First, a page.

Donald McKeen Smith

American Coast Guard, Utah Beach D-day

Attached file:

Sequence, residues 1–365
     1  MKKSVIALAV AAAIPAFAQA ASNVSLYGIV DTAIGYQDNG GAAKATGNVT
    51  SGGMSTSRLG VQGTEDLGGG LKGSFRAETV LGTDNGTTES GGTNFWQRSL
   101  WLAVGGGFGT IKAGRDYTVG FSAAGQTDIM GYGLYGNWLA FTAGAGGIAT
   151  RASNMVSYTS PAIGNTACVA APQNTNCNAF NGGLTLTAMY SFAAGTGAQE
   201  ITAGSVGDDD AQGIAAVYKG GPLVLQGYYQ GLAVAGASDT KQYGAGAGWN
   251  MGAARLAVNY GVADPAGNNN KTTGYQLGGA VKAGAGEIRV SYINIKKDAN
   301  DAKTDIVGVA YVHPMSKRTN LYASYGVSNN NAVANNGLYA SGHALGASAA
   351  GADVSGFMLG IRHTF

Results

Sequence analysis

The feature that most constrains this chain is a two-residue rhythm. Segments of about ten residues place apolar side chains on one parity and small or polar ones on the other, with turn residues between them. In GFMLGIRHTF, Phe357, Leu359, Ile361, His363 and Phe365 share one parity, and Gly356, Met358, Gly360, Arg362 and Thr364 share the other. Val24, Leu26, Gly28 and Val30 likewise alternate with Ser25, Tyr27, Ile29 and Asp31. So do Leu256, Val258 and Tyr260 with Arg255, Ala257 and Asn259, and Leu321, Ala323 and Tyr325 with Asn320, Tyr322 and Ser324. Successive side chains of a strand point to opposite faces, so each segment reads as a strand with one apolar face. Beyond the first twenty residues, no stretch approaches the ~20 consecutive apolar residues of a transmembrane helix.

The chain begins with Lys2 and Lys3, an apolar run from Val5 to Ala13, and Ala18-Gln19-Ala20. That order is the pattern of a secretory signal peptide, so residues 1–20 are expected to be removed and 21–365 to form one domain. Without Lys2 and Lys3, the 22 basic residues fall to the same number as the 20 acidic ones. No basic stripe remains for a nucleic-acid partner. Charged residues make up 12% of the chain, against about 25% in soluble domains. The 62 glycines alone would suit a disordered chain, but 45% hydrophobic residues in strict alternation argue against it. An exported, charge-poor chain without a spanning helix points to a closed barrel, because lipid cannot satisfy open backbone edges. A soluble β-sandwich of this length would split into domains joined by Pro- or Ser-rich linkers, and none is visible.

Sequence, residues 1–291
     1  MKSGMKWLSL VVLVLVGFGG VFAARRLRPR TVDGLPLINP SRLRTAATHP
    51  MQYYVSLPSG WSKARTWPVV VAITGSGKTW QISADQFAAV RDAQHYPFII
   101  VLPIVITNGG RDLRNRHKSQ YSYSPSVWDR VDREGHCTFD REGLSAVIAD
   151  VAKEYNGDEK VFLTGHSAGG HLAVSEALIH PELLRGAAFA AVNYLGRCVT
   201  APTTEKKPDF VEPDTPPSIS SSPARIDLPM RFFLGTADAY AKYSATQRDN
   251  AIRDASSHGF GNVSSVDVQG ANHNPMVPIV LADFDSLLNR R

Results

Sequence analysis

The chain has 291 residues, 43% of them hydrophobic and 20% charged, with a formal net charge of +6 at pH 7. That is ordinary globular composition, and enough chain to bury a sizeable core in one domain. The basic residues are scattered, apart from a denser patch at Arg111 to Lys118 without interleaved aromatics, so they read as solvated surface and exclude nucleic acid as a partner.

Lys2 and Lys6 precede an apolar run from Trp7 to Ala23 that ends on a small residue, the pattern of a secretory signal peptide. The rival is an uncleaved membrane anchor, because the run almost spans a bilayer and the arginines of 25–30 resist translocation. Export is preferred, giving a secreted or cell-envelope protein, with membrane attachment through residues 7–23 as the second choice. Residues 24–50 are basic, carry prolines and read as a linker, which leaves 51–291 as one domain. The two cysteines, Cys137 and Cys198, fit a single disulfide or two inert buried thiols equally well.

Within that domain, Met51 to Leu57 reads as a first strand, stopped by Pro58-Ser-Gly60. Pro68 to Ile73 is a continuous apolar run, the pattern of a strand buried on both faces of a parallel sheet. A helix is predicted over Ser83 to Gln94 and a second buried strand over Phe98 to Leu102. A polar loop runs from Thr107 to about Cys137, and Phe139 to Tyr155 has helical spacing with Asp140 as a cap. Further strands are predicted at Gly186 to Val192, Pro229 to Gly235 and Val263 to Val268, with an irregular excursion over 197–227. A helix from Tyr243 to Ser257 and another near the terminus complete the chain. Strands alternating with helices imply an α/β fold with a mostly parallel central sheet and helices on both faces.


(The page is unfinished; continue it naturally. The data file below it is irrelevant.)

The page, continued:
The Coast Guard flotilla of 60 boats rescued over 1500 men on D-day alone. The night of the 6th we circled in the same area off UTAH BEACH from dusk to dawn on the 7th, continuing our search. Those rescued were taken to hospital ships or other ships that could handle casualties. On the afternoon of the 7th we returned to Poole because of very rough seas we couldnít refuel. We made two more trips to the beaches working at UTAH, OMAHA, GOLD, and SWORD. On the 18th of June a storm hit OMAHA BEACH and wrecked the artificial harbour that had been constructed there to serve as a port. Our boat was rammed and damaged by a drifting LCT. Both vessels were forced onto OMAHA BEACH quite close to one of the main exits off the beach and our boat remained there for five days. We scrounged around for something to cover the hole in the boat, and a group of army engineers managed to have a plywood patch placed over the hole in our port side. The first few days, we slept in foxholes. There was no incoming enemy fire. The beach was secure. With the help of a warping tug off shore and two bulldozers, the engineers were able to get us re-floated. A sister boat towed us to Poole (our home base) and we were placed in a shipyard for repairs. Because of lengthy repair time I was relieved and transferred to a LCI based at Weymouth, UK. The LCI made trips to UTAH BEACH including one that we transported a field hospital group of 80 people, one trip to Gold beach transporting 60 British infantry and finally to Cherbourg after that major French port was opened. My LCI left Dartmouth, England in mid September with 19 other LCIís and 24 LSTís in convoy for the USA I served in the U.S. Coast Guard for 4 years. (September 13, 1941- September 13, 1945) I was promoted to Boatswain Mate First Class in September of 1944 while serving on the LCI.    Donald McKeen Smith Born 9/13/20

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